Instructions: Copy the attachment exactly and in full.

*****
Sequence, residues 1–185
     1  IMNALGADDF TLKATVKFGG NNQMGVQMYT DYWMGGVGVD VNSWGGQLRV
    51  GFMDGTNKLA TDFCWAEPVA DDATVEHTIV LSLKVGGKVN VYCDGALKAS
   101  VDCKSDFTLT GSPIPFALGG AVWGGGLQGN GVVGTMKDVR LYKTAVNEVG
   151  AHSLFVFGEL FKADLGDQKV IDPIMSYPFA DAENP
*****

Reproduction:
Sequence, residues 1–185
     1  IMNALGADDF TLKATVKFGG NNQMGVQMYT DYWMGGVGVD VNSWGGQLRV
    51  GFMDGTNKLA TDFCWAEPVA DDATVEHTIV LSLKVGGKVN VYCDGALKAS
   101  VDCKSDFTLT GSPIPFALGG AVWGGGLQGN GVVGTMKDVR LYKTAVNEVG
   151  AHSLFVFGEL FKADLGDQKV IDPIMSYPFA DAENP